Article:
12. Location
There are several guys available in our zipcode, and that's pretty tempting.

13. Hours
I still completely do not understand why there are not evening hours for this. I, and everyone else with a day job, would totally love you if you just stay open until six. I would have missed so much less school (...maybe?) if doctors had convenient times available. Also, can everyone just get a website, and let me book there? I know I hated our college health services, but at least they did that. (I am trying to make an appointment with my GP right now, and I have discovered that THERE ARE ONLY FOUR HOURS A DAY I CAN CALL. Oh, and would you know it? I WORK during those hours. When the hell am I going to see her, if I can't even get anyone on the phone. Hate.)

14. Overbooking / Waiting / Taking new patients
I only have to see my GYN once a year, but it's a 4 hour ordeal to get 10 minutes of her time. Her office runs consistently 1.5 hours late. You cannot book the morning slots if you are not a new patient. It does not matter how far in advance you make the appointment. And of course, their estimates of your wait that day are always less than 50%

15. Specialty.
It kind of went without saying, but I said it anyway. We don't need any of that "Family Practice" crap.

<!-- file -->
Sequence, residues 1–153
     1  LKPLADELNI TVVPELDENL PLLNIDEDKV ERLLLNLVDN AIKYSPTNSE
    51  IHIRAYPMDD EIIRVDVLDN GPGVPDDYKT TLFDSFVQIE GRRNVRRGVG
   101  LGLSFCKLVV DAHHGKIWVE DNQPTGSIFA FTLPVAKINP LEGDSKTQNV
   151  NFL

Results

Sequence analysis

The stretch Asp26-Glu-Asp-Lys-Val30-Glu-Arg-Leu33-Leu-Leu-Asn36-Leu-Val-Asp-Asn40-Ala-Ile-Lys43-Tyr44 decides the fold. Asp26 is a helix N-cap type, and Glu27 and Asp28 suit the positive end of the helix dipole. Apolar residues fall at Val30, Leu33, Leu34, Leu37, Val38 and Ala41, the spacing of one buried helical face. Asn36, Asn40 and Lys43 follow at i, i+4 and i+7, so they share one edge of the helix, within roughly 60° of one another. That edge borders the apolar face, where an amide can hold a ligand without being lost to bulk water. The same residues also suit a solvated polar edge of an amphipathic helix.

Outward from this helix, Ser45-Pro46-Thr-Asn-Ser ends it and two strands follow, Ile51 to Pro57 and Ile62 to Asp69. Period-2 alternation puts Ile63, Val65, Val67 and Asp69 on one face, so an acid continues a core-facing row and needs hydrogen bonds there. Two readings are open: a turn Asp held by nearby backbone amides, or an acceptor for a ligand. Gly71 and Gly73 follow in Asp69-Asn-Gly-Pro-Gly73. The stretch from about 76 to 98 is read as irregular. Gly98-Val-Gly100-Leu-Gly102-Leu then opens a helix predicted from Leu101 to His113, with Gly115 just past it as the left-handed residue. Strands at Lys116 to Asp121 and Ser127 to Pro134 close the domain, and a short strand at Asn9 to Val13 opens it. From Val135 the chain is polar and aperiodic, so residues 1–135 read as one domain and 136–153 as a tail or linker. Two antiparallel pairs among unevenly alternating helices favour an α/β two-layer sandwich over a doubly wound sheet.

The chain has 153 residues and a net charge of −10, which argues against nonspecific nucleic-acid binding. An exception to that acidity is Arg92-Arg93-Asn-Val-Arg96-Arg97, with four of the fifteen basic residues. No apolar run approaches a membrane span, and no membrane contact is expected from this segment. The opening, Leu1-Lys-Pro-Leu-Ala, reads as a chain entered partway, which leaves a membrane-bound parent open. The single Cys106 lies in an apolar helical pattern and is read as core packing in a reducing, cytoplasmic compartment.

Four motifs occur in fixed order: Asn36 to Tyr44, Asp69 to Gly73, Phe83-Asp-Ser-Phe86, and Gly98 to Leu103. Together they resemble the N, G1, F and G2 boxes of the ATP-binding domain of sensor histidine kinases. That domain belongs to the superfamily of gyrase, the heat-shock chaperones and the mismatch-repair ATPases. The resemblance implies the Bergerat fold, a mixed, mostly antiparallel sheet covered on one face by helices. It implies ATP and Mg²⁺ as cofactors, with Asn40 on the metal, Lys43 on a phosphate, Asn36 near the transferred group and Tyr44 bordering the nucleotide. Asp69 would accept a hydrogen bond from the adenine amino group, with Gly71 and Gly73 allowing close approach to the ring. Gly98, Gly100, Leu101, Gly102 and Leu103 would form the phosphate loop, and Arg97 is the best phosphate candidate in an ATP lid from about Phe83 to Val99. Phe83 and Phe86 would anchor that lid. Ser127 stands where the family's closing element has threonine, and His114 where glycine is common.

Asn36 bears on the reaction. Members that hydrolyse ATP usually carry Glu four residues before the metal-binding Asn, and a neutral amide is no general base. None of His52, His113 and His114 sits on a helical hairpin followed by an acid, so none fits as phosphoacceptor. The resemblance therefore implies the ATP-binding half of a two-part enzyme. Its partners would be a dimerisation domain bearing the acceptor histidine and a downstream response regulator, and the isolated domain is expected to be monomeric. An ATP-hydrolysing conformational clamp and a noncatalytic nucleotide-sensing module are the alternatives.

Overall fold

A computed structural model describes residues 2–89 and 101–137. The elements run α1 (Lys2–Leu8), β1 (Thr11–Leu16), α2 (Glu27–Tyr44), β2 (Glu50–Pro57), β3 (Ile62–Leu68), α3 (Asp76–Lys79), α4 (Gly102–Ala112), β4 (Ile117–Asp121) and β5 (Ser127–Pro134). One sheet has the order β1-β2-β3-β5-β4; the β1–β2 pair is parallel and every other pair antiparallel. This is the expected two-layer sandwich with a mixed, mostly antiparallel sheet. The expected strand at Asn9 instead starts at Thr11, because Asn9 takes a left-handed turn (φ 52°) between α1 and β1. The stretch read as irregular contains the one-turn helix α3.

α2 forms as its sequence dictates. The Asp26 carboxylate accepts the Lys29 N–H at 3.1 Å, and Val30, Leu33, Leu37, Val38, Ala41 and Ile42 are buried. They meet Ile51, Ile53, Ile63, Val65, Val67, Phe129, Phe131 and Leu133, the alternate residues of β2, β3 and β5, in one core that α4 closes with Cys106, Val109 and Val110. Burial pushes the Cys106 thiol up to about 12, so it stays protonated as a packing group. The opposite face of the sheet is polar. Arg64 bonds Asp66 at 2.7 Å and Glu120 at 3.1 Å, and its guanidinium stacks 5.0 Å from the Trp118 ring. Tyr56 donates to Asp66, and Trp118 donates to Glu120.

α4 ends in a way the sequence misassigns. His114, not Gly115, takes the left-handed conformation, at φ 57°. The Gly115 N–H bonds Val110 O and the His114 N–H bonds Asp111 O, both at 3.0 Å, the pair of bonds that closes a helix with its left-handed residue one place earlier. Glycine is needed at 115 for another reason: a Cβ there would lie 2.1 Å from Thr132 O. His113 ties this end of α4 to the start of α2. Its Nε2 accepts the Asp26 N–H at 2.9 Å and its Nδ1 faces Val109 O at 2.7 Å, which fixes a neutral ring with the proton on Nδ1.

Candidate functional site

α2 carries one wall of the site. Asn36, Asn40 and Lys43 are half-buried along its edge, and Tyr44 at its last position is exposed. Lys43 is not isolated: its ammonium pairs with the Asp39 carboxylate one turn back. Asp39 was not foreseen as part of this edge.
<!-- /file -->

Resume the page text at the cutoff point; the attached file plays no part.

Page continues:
That's all I've got so far. I'll keep the blog posted (hopefully?) on how it all goes.

*My title. hehe.

3 comments:

Lauren said...

oh good, you're leaving the devil woman doctor. if she had her way, i'd solve my motion sickness by riding a motorized wheelchair to work and classes. logical.

oh, and she called me fat. how sweet.

but in all seriousness, i'm curious how it goes. i did the doctor hunt last year and found someone who seemed decent based on the most basic criteria... location, age, experience. of course i still haven't seen her yet, so i'm guessing i'll have a lot more to ask...

Emily said...

Oh jeez. Out patients hate us, but it seems so much harsher coming from you. ;)

Part of the reason people go into GP is so they can have regular hours. Some people don't want to have to take overnight call all their lives. heehee.

The overbooking thing is just the beauty of the current system. In our clinic its especially frustrating because our patients are so inconsistant, but there is at least a couple of month wait to get into the general medicine clinic so they have to book as maximal as possible to ensure a good minimum of pts get seen. Unfortunately, when everybody shows up, it makes for a long frustrating day for all involved. Everybody is frustrated and handling the frustrations takes part of the appointments which delays the rest of the appointments...

At least y'all have some insurance... some of our patients wait 6-8 months to see some of the specialists.

I do give you props for enjoying the younger docs. heehee. The woman thing is so odd to me because our school is a little more than 40% female staff, but app some of the residencies have like <12% females on staff. The numbers are increasing, but still sounds like we get to live in man's world a bit longer. ;)

Lots of love.